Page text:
" It seems the message of this research for those seeking to establish
a new habit is to repeat the behaviour every day if you can, but don't
worry excessively if you miss a day or two. Also be prepared for the
long haul - remember the average time to reach peak automaticity was
Usually, repetitive work is not associated with creativity. But Edison's name comes to mind, b/c of his constant focus on developing new inventions. Over his lifetime he accumulated more than a thousand patents, some of them turned out to be seminal in the history of technology. Edison's lab tried to be creative "repetitively" and, obviously, the succeeded.
In Creativity, by now famous psychologist M.Csikszentmihalyi, the idea that creative people are very repetitive, almost stubborn, in things they are trying to create comes out loud and clear.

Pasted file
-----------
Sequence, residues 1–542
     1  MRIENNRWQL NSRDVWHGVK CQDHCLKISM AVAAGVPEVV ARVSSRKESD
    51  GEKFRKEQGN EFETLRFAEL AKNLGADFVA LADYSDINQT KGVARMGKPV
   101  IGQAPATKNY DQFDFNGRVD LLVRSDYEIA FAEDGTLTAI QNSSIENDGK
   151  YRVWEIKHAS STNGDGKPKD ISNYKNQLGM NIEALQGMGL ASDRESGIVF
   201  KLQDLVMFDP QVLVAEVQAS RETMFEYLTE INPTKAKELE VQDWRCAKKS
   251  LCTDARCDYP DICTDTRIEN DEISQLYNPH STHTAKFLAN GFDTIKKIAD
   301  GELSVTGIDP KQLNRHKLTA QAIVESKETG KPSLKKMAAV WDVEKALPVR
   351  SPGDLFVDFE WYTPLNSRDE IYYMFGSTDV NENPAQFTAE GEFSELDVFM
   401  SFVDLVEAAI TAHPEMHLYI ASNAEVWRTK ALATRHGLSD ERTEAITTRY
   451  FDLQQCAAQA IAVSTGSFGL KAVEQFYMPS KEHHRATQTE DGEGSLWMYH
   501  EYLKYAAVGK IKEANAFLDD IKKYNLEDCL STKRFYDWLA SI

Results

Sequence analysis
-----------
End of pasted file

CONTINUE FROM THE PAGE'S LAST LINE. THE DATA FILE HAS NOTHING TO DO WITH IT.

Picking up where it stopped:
From my own experience, writing for two hours a day was key to making progress with my own book. Zerubavel's "Clockwork Muse" helped me immensely to understand and implement this simple recipe. Also, my best patents came out during the time when I literally forced myself to think up an invention a day. Most of the ideas died, but a good 50 or 60 of them made it into a patent application.
Of course, the problem with the repetitive approach could be that you get stuck with the same set of tools and in the same concept area, developing, even if you are very successful, a tunnel vision. Then, an antidote to this problem would be to work in many areas at the same time. That is why I really like working with various startups, learning new technologies, and teaching different invention techniques. Listening to UC Berkeley podcasts on topics ranging from electronics to philosophy of language, also helps.
tags: creativity, process, problem, solution, science, invention